This, thus, in effect once again shows it's not about technical possibilities, or that pro's will always choose bigger mirrors if it's technically possible, but that there is a cost-benefit trade-off. Of course, that trade-off (the threshold I spoke of) lays far higher, financially, than that of an amateur astronomer, which is why 72" mirrors is 'small' for them, even when it's huge for us. That's relative to the budget one has, however, not relative to the merits of the underlying principle.

 

Now, are you and Glennledrew wrong in every instance? No. Your argument holds, imho, where there really IS a technical limitation.  You two would be right, for instance, with the example of the GMT. There, we see they use 7 x 8,4 meter mirrors, giving it the equivalent of (resolving power of) a 24.5 m (80.4 ft) primary mirror and collecting area equivalent to a 22.0 m one.

 

Why didn't they go for a 25m monolithic one? THERE you are right: because it's a technical limitation. For the longest time now, since the 90ies, the largest single mirrors that can and have been made, are between 8 and 8,5 meters. Even the future telescopes, like the GMT, which indeed goes for the largest mono's, has that limitation, and thus goes for 7 of them used in conjuction. It's currently impossible to create one large 25meter mirror; there is not a manufacturer that can make such a thing right now. You won't find any telescope mono-mirror in the world which is larger than 8,5 meter. All the ones that have bigger aperture, are segmented. So your argument holds there. Because the 8,4 meter limitation is there, and that's a technical limitation for the time being. This clearly isn't valid for all pro observatories that have a (total) aperture that is less than 8,4 meters, obviously - since one *can* make a mono of 8,4m. There, it's a matter of cost/benefit.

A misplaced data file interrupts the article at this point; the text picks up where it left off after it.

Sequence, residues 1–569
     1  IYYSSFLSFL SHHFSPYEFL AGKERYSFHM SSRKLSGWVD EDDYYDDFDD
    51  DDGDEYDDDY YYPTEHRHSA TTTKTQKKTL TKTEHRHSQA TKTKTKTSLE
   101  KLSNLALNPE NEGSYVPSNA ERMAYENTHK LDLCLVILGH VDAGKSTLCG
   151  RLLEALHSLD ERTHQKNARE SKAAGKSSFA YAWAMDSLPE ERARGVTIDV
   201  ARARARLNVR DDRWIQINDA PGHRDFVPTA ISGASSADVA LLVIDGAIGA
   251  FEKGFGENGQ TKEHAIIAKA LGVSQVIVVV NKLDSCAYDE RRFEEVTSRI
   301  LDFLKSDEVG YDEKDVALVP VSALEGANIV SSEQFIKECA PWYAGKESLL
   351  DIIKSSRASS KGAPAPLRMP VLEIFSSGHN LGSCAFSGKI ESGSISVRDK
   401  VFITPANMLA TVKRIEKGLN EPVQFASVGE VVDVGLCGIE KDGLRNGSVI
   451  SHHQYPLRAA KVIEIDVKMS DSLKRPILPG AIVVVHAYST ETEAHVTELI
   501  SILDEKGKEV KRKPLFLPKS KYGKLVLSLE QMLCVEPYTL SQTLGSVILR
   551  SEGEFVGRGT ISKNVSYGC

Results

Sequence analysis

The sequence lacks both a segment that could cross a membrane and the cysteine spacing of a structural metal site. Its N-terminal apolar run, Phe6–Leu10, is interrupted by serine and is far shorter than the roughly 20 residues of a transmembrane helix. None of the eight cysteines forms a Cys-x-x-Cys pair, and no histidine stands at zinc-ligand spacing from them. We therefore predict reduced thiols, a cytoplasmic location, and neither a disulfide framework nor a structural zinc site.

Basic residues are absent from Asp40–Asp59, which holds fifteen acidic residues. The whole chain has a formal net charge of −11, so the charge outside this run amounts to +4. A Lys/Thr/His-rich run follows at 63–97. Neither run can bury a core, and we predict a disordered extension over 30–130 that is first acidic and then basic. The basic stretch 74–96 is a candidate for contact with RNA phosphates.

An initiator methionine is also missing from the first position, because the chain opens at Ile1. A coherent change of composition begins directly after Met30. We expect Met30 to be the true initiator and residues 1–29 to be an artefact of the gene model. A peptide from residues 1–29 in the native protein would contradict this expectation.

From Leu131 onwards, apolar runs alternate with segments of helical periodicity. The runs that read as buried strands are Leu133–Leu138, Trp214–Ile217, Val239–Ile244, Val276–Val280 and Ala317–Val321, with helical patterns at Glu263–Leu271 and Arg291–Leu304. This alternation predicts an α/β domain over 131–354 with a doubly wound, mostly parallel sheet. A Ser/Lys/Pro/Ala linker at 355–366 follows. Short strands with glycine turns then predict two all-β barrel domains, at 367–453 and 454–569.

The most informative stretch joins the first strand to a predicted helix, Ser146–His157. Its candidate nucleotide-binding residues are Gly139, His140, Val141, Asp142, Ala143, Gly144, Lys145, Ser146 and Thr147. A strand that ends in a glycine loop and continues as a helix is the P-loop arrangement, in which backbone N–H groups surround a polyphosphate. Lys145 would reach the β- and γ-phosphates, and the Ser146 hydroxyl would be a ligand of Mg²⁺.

Am I saying something outrageous here? I don't think so. I'm only applying logic.

 

 

 

There are two separate problems.

 

First, suppose two telescopes of 100mm each combined into a single (monocular) eyepiece. Their light gathering ability would be equal to a single 142mm telescope (here is the area which matter).

 

Second, supposte two telescope of 100mm each used to make a binoscope (i.e. one eye--> one telescope). Here the binocular summation apply, and their light gathering (for visual use obviously) could be considered equivalent to a 119mm monocular telescope.

 

Third, suppose 4 telescopes, joined two by two in a binoscope. Then their light gathering ability would be equal to:

100mm*1.41*1.19=168mm.

 

A much more efficient way to increase the light ability is to concentrate the lights of all 4 telescopes into a single eyepiece: 100mm*1.41*1.41=200mm. If a kind of reverse beam-splitter could be made, with 4 100mm ED doublet you obtain a 200mm ED telescope - cost saving, yes! But the optics to merge the light of 4 telescopes intoa single eyepiece would be super difficult.

 

What they do in real life is a different application: 4 telescopes with 4 cameras (and many more).

http://www.dunlap.ut...tion/dragonfly/